The killing of five Jewish tourists in Bulgaria in 2012 and the attacks or planned attacks in Thailand, Georgia, and India perpetrated by Hezbollah terrorists and Iranian agents made headlines. Other Iranian attempts to kill Jews in Kenya, Nigeria and Bangkok are less well known.

The 1994 suicide bombing of the Jewish AMIA-Center in Buenos Aires caused the death of 85 persons and injured more than 150. This was the most deadly terror attack against Jews since World War II and it was the Iranian leadership including Khamenei and Rafsanjani that made this decision and instructed Hezbollah to commit the crime. The sole reason was the fact that Argentina did not want to continue its nuclear co-operation with Iran. Who, however, should be blamed and punished for Argentina’s independent decision? The AMIA example clearly shows that Iran’s anti-Jewish paranoid pattern contains a call to kill.
The Iranian regime and its leadership, spews hatred against Israel and “the Zionists” instead of using the word “Jews”. The regime’s leaders claim they have no “ill will” against the Jews but only hate for Israel. Is their hatred really against just Israel, or is this just a cover-up for a deeper rooted anti-Semitism?
You’re right. Though the regimes distributes thousands of antisemitic brochures such as the “Protocols of the Elders of Zion” it rarely mobilizes openly against “Jews” but agitates against the “Zionists”. It is important, however, to understand that this regime invests the word “Zionist” with exactly the same sense as that with which Hitler once invested the word “Jew”: namely that of being the incarnation of all evil. Destroying Israel is in their understanding the only way to stop that evil. Or in Ahmadinejad’s words: “The Zionist regime will be wiped out, and humanity will be liberated.”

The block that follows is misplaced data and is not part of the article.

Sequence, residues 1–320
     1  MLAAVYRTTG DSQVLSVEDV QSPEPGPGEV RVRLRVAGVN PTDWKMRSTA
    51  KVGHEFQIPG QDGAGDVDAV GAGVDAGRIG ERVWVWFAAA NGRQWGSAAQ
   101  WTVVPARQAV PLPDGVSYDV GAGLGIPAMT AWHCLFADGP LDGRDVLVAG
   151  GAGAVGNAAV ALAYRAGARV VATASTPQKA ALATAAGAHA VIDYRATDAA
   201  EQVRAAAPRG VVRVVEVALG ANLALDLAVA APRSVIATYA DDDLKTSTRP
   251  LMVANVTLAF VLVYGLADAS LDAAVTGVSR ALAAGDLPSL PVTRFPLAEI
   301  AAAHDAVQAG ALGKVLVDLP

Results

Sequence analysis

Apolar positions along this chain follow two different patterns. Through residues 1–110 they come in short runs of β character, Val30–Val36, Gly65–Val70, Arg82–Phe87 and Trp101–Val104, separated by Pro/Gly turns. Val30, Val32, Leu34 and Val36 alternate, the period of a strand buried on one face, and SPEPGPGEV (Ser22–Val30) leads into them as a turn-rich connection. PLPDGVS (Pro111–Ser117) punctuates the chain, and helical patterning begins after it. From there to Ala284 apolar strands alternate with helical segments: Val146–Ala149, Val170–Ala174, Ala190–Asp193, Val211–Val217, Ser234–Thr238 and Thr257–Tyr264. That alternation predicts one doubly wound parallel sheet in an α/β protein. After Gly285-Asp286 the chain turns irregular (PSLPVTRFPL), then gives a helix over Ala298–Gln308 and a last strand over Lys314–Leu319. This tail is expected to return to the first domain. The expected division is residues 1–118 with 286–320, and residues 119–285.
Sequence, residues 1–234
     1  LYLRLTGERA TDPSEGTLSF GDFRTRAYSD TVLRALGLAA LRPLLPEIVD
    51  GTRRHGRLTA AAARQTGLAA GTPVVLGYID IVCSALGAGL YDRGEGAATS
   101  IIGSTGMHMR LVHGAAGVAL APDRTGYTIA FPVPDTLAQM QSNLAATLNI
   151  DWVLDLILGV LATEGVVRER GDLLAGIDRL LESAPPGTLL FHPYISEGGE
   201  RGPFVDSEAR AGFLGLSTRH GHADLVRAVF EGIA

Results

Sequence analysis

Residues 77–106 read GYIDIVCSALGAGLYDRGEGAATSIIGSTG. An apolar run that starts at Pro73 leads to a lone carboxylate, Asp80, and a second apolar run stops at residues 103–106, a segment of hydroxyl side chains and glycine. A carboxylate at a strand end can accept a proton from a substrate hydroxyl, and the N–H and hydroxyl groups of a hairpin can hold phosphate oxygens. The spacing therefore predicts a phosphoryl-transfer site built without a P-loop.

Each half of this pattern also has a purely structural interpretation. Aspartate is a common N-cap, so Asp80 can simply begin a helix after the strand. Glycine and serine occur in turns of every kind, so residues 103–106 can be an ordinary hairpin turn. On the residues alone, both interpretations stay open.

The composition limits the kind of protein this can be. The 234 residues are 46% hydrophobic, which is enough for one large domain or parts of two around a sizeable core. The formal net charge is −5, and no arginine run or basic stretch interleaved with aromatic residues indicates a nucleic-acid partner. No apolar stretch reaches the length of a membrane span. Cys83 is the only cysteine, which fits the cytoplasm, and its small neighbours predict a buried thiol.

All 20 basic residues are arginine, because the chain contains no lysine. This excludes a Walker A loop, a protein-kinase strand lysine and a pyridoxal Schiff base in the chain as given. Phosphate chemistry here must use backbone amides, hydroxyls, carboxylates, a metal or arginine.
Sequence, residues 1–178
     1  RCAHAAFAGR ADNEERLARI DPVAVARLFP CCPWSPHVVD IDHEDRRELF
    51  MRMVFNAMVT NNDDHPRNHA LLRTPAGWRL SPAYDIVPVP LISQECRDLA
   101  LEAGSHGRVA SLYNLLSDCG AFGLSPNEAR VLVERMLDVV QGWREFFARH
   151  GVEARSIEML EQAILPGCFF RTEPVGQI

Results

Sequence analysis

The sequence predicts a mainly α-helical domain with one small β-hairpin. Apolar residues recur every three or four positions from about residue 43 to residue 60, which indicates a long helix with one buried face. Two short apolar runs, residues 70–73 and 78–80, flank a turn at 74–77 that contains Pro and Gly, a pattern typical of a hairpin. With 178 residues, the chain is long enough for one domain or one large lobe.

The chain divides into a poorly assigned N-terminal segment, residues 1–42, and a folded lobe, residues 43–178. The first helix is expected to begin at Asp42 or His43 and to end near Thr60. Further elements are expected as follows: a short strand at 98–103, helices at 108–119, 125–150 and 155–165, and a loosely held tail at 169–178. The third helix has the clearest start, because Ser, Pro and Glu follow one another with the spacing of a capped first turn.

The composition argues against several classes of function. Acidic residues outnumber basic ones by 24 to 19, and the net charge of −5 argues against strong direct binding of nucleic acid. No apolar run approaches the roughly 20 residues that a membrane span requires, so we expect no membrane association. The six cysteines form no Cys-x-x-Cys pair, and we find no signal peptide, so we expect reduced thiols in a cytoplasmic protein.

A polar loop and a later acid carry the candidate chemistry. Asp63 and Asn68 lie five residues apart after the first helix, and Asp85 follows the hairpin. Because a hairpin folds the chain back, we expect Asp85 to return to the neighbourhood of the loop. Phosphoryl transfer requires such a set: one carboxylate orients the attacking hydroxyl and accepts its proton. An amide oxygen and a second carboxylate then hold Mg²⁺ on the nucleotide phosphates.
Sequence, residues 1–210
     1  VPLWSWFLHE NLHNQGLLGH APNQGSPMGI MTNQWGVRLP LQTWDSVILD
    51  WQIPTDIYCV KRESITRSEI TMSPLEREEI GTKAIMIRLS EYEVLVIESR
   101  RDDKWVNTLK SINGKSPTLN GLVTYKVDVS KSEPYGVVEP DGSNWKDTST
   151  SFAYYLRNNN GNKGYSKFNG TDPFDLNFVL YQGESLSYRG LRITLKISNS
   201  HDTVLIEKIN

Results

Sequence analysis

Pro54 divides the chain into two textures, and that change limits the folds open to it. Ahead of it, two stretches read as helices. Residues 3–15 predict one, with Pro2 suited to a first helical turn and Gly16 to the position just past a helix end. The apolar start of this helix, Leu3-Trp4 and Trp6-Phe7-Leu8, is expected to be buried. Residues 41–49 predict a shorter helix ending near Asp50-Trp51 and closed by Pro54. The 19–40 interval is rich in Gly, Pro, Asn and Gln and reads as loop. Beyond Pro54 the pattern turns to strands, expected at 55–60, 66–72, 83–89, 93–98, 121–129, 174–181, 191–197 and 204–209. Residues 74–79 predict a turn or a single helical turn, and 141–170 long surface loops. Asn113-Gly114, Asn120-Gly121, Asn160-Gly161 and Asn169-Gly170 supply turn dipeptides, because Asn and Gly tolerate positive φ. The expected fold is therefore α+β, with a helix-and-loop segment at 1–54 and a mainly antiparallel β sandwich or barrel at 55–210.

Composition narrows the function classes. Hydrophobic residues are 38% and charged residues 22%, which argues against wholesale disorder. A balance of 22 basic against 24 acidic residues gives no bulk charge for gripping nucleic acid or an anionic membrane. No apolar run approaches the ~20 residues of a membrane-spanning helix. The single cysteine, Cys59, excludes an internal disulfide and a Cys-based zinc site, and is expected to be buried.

This sentiment—liberation through destruction—is the one for which the Holocaust historian Saul Friedlaender coined the term “redemptive antisemitism”. It is not so far from that expressed in a Nazi directive of 1943: “This war will end with antisemitic world revolution and with the extermination of Jewry throughout the world, both of which are the precondition for an enduring peace.”

The regime’s hatred of Jews resembles Hitler’s ideology in this aspect: Both have a utopian element. Just as Hitler’s “German peace” required the extermination of the Jews, so the Iranian leadership’s “Islamic peace” depends on the elimination of Israel. It is high time that the White House recognizes this utopian element and takes it seriously.

Read article in full

Wednesday, August 26, 2015

Canon White partners Moroccan Jew in Yazidi rescue

 Steve Maman and his family: saving children is Tikkun Olam and Kiddush Hashem

In this interview with Moroccan World News the Moroccan-Jewish Canadian benefactor Steve Maman reveals that his partner in saving Christians and Yazidis from Da'esh (Islamic State) is Canon Andrew White. Point of No Return followers will be familiar with Canon White's devotion to the protection of Jews and their heritage in Iraq - before his stint as Vicar of St George's Church, Baghdad became too risky and he was relocated to Jerusalem. Maman's quid-pro-quo for the publicity is to pay tribute to Morocco as an 'example of tolerance to the world'.

Could you tell us about your foundation in few words and the choice of Yazidis and Christians?
Steve Maman: On June 26, 2015 I created a nonprofit organization called “The liberation of Christian and Yazidi children of Iraq (CYCI)” to support my mission.  Its goal is to negotiate the liberation of children held hostage and used a sex slaves in Mosul. We chose Christians and Yazidi because they are the ones held hostage after a fatwa authorized them to be used and sold as sex slaves for the benefit of ISIS (Daesh) combatants. I would have definitely added the Muslim children to my mission if they were part of this horror.